The tropical paradise of Hawaii is one of the world’s most popular vacation spots. The island chain is known for its gorgeous beaches, towering volcanoes, and otherworldly scenery. It also has a rich history of culture and tradition that is evident throughout the islands.
In the early 1800s, Hawaiian culture was impacted by European visitors. While some benefited from trade and education, others suffered from disease brought by the visitors. The epidemic of influenza and smallpox among the native population was catastrophic and is estimated to have killed over half of the Hawaiian population by 1820. This led to the rise of a landowning class that dominated the economy, which switched from a trading to cash-based system.
Today, Hawaiian culture is thriving and many of its traditions are being rediscovered by locals and tourists. Hula is still performed in the form of a dance, but more and more Hawaiians are choosing to perform the art as a way to connect with their ancestors. Traditional Hawaiian games, like the sand pounding game ukulele, are also making a comeback.
On Maui, the Road to Hana is famous for its heavenly waterfalls and otherworldly black sand beaches. However, there is much more to do on the island if you are willing to travel a bit further. Visit Hana Bay, Hana town, and even the 7 Sacred Pools of Ohe’o on the eastern side of the island.
The largest and most populous of the Hawaiian Islands is home to a bustling city of Honolulu. While there are plenty of things to do in the capital, the most famous landmark is probably Diamond Head – the iconic volcano that stands sentry over the city of Honolulu. Hike to the summit on a paved path, then enjoy scenic views of the bright blue ocean and the city below.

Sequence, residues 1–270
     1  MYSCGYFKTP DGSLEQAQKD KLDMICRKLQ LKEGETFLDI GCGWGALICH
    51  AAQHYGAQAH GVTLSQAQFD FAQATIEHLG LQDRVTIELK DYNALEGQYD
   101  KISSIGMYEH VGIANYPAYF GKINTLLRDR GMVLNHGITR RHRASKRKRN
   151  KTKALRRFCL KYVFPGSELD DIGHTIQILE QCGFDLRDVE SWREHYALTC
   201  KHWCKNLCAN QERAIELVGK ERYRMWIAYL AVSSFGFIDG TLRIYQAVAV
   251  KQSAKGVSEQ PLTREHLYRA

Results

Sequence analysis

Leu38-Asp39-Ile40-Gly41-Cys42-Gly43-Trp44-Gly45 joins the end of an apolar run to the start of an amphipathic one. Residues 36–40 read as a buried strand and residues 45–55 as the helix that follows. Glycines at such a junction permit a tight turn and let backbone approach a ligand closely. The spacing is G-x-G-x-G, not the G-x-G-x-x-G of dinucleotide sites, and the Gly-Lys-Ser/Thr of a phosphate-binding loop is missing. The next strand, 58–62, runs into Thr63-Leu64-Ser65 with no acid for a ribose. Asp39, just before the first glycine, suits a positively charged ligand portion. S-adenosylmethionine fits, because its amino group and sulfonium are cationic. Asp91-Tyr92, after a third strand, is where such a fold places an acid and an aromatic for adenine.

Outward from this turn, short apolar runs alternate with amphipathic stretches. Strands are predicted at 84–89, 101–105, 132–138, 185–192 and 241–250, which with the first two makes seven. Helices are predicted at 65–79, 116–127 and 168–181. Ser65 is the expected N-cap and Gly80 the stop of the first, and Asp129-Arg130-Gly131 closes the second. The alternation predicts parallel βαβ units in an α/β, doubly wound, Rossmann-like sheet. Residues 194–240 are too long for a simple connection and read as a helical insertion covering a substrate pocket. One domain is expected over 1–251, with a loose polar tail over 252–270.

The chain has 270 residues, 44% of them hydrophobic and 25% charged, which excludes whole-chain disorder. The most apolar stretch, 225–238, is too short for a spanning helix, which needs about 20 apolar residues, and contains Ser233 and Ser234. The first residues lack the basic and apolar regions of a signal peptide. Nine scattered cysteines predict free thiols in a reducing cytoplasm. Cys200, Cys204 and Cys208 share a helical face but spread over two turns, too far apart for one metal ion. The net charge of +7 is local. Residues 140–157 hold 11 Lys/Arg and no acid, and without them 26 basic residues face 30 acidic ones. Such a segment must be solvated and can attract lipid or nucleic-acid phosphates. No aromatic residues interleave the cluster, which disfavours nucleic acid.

Whether you want to go shopping in a luxury mall, take surfing lessons on the pristine beaches, or see a live show at the Aloha Theater, Oahu has it all. The best time to visit is between May and October, when the weather is warm but not too hot.
If you have more than a few days on the island, consider heading to Molokai for an adventure unlike any other. This remote island is the least populated in the entire state, and it feels almost like your own private island when you visit. Explore the lush green forests of Kamakou Preserve, where moss-covered trees line the trails. Be sure to stop at the quaint post office and try your hand at “posting” a coconut – you can send it anywhere in the world!
No matter which island you are on, be sure to respect the culture of Hawaii. Avoid touching coral (it kills it), and obey the speed limit (even when driving through Waikiki). Remember to be kind to other travelers, both locals and tourists. These simple acts of kindness will help keep Hawaii a wonderful place to visit for generations to come.